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By William Maley
The news about the 2019 Chevrolet Silverado and GMC Sierra have been constant barrage about how they aren’t doing so well in the sales charts. In fact, Ram has taken second place in overall truck sales from the Silverado. General Motors is quick to point that Ram has been increasing amount of money on the hoods of the 2019 Ram 1500, along with the last-generation model being sold alongside. But could there be more to this slump? What if the new Silverado and Sierra didn’t move the needle as far as the competition?
The new Silverado and Sierra continue to separate from one another in exterior design. The basic shape may be the same, but it is the details where the two begin to develop their own identities. On the Sierra, it goes for some polarization with its gaping maw of a grille and c-shaped headlights. Chevrolet is a bit more restrained with the Silverado featuring a split bar grille and separate headlight housings. More differences can be seen turning to the side as the Silverado has slightly more pronounced fenders than the Sierra.
Both trucks arrived in their off-road trims: Trail Boss for the Silverado and AT4 for the Sierra. This is denoted by two-inch lift for the suspension, blacked-out trim pieces, and meaty off-road tires featuring some sharp-looking wheels. I tend not to like off-road models as they go overboard with the “LOOK AT ME” bits placed on it, which I get why a number of buyers absolutely love it. But the Trail Boss and AT4 find that nice point where they look the business without being too shouty about it.
GMC is also trying to set itself apart in terms of the tailgate. My Sierra AT4 tester came equipped with the MultiPro tailgate which offers “six functions and positions.” They include,
Primary Gate (Full Tailgate) Primary Gate Load Stop: Panel that holds longer items in the bed Easy Access: Flip the inner part of the tailgate to allow for better access for items in the bed Step to allow for easy entry and exit from the bed Inner Gate with Load Stop Inner Gate as a work surface You will not find a physical tailgate handle. Instead, there are two buttons that sit between the backup camera. The top button releases the inner gate, while the bottom allows the full tailgate to open. Opening the inner gate wasn’t as smooth as the full tailgate, feeling like it was sticking at points. A lot of this I would attribute to cold temperatures during the week. Despite this issue, having the inner tailgate give way to allow for better access to the bed and a step does give a unique selling point. I do wonder how will this tailgate design hold-up in the long run.
Moving inside, GM is still focusing on functional and practical aspects. This is evident with the large knobs and buttons controlling various functions, and a comprehensive gauge cluster. But this approach does put both trucks behind the pack in terms of interior design and materials when compared against Ford and Ram. I had to do a double-take getting inside the Silverado for the first time as the dashboard really didn’t change that much aside from the colors and slightly altered buttons. This isn’t helped by some of the material choices which look and feel out of place in trucks that carry price tags that are around the $60,000 mark.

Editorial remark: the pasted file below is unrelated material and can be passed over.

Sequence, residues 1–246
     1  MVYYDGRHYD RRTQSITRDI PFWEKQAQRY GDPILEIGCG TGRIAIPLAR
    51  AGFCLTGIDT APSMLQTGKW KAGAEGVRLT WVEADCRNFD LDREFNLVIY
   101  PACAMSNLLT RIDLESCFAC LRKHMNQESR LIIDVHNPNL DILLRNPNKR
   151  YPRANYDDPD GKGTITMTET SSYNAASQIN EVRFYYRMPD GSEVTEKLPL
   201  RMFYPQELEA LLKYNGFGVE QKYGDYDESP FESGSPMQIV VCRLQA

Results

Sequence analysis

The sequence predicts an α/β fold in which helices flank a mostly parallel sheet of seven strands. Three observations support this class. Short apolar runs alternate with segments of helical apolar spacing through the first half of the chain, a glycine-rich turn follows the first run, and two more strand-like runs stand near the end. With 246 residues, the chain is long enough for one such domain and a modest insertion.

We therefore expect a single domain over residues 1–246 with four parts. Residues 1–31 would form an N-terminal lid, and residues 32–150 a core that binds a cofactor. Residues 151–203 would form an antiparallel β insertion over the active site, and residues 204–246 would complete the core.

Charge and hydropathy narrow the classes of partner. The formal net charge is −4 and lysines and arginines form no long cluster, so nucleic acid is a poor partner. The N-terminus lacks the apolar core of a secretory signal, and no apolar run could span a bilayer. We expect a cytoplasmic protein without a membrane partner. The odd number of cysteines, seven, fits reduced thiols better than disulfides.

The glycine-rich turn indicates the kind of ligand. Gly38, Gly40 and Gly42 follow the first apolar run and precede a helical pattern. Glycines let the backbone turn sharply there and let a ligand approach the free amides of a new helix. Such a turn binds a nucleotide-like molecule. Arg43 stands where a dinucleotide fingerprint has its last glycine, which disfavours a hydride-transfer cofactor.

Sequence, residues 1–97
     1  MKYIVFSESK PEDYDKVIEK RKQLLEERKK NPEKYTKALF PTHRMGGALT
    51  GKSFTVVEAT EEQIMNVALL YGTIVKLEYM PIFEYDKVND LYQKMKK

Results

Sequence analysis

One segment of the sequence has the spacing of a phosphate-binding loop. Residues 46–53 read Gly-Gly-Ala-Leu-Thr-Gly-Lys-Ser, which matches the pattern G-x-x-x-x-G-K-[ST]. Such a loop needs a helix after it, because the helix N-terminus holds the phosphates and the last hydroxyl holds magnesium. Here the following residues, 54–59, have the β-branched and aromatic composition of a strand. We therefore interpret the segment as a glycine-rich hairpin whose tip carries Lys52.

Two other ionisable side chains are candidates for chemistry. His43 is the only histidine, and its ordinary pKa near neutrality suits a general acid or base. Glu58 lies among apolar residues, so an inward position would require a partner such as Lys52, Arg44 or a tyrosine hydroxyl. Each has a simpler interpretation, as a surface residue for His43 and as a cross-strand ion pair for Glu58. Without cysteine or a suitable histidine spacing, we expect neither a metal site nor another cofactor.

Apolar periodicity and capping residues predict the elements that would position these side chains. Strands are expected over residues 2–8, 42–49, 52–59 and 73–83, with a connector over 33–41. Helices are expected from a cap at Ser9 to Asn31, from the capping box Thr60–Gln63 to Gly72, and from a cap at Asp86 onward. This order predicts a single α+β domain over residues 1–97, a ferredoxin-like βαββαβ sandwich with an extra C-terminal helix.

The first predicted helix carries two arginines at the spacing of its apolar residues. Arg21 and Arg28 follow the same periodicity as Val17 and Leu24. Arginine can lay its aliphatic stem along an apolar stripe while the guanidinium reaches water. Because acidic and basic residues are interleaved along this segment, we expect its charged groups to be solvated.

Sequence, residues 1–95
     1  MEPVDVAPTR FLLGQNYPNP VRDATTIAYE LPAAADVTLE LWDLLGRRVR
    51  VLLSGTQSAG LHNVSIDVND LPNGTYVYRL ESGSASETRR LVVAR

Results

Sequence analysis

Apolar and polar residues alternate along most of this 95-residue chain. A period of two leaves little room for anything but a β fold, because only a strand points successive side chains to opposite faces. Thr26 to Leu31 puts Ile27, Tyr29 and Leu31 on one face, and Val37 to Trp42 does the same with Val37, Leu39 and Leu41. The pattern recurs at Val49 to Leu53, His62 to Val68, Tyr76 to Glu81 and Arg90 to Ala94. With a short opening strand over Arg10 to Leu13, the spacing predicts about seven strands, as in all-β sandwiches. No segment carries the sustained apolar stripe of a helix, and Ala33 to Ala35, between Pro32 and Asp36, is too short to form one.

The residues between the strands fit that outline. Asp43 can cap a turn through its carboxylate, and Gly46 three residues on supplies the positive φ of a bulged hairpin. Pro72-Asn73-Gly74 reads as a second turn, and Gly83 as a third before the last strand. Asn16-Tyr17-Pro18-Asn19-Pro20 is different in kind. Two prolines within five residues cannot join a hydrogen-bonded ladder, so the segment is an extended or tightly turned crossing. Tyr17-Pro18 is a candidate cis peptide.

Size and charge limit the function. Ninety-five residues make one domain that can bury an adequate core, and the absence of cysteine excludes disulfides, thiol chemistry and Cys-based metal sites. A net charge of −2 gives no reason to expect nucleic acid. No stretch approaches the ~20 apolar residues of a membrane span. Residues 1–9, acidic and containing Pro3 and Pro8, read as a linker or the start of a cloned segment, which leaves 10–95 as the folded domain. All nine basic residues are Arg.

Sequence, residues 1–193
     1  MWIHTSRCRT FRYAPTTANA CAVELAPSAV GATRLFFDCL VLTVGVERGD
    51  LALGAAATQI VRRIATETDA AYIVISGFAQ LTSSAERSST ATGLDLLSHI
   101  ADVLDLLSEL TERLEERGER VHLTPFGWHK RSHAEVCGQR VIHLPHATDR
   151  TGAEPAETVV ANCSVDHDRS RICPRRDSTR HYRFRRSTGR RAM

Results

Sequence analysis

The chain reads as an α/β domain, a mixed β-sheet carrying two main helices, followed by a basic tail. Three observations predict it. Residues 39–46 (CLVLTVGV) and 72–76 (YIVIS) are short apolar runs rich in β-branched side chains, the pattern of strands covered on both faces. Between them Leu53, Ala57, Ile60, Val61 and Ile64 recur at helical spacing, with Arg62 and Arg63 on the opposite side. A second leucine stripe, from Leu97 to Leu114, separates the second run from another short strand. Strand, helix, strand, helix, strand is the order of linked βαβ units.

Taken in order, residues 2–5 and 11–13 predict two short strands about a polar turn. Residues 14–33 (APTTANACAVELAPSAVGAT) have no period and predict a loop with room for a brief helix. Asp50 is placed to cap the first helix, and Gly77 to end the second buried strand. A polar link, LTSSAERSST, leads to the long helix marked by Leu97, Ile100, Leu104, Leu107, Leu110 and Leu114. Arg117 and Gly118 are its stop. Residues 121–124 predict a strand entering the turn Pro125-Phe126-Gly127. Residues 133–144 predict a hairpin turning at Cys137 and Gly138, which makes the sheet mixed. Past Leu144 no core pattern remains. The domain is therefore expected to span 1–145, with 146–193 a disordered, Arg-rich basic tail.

But the Silverado and Sierra’s interiors do claw some points back in terms of overall comfort. No one will have any issue trying to find a position that works thanks to a generous amount of power seat adjustments and a steering wheel that finally provides tilt-telescope adjustment. Space in the back of crew cabs is massive with loads of head and legroom.
Both trucks came with an eight-inch screen (lesser trims get by with a seven-inch screen) and new software - Chevrolet Infotainment 3/GMC Infotainment. The interface looks like a simplified version of MyLink/Intellilink with simpler graphics and easier to read fonts. Moving around the system is easy thanks to the simple menu structure and quick responses for any command. Apple CarPlay and Android Auto integration comes standard. Both trucks were able to find my iPhone 7 Plus and bring up the CarPlay interface within seconds of plugging it in.
There are four different engines on offer, including a new 2.7L turbo-four. There’s also a turbodiesel V6 that will be arriving for the 2020 model year. Both of my test trucks came with the V8s - Silverado packing a 5.3L and the Sierra using the 6.2L.
The 5.3L V8 has not been my engine of choice for the last-generation trucks. Not because of the power on offer, but more of the tuning of the throttle pedal. It made the V8 feel very sluggish and would make the driver push further down on the pedal to get it moving a decent clip. Thankfully, GM has addressed this issue and 5.3 now feel likes it has 355 horsepower and 383 pound-feet of torque. You can lightly press on the accelerator and V8 doesn’t feel artificially overwhelmed. A new eight-speed automatic (standard on higher trims) helps keep the engine right in the sweet spot of power and provides smooth shifts.